Pierre-Joseph Redouté (1759-1840) was the most celebrated botanical artist of the early 19th century and his work profoundly influenced following generations.
Redouté continued the transformation of the illustrated scientific treatise into a work of art and with his watercolours and printed material achieved the highest aesthetic standards.
Redouté placed great importance on the positioning of the specimen on the page and was revolutionary in that he was the first artist to use the margins of the page as an integral part of the composition: in some examples of his work the flower extends beyond the confines of the border.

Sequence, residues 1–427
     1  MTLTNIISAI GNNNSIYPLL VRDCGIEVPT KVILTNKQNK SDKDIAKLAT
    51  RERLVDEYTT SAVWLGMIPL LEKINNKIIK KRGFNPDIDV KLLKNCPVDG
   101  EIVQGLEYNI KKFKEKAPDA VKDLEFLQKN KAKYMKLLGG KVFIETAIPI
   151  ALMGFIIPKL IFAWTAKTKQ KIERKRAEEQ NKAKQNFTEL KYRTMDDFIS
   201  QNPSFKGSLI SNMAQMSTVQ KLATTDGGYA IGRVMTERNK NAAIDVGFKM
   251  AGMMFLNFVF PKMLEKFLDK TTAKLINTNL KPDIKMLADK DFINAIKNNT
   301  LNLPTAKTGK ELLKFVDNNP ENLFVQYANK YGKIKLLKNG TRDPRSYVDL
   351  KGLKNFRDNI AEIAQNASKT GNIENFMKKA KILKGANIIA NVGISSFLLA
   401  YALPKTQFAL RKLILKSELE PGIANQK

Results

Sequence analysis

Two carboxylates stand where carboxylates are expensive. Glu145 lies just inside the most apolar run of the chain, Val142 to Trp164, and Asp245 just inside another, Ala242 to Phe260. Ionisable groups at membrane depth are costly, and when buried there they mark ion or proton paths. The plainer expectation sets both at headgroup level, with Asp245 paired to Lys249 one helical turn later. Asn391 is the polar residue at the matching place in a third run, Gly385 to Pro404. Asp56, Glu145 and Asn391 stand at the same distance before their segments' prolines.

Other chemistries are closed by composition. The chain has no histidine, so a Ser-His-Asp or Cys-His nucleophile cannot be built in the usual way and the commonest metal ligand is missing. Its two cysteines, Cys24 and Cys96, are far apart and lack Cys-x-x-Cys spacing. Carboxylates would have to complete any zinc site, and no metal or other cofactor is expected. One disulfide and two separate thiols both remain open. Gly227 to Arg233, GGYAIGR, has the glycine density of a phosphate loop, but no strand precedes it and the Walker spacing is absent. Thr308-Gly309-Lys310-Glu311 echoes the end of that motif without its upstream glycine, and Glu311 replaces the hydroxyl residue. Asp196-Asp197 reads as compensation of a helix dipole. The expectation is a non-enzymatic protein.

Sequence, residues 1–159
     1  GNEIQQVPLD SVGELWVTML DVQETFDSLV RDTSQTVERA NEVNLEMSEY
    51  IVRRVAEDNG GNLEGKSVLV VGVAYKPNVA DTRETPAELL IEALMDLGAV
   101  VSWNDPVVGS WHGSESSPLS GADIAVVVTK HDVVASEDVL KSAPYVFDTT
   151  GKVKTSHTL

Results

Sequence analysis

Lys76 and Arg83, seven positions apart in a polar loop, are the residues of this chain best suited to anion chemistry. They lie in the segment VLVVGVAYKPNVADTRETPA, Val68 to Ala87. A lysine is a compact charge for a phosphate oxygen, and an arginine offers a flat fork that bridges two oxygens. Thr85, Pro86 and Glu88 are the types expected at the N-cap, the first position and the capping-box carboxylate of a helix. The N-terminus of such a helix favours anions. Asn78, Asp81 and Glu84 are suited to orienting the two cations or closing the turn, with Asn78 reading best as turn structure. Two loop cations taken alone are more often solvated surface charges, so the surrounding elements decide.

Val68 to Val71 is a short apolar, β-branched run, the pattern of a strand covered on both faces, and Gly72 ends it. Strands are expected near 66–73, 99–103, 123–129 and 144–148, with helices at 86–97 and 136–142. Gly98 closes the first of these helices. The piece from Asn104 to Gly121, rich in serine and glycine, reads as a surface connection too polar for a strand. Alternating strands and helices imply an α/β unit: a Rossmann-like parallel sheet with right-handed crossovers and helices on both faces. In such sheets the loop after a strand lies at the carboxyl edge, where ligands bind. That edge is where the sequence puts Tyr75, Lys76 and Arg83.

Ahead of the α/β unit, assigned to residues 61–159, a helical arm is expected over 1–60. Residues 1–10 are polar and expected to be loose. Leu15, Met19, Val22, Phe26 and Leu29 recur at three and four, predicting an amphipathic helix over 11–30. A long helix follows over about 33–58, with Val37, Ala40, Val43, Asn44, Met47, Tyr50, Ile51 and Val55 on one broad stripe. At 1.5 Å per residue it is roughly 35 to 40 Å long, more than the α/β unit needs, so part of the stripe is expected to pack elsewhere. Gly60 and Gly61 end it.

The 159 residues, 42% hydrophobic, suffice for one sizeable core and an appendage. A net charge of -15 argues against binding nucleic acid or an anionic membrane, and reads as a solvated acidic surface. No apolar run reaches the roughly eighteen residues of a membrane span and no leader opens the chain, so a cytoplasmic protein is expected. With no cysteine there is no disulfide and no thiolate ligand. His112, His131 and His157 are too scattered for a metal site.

It is unlikely that the present watercolour was prepared for publication. It is instead an example of Redouté's curiosity for more unusual plants, probably executed for his own record and enjoyment.
The Aeonium caepitosum does not have a common name. It comes from the same family as the Sempervivum tectorum (House Leek), with fleshy, pulpy leaves.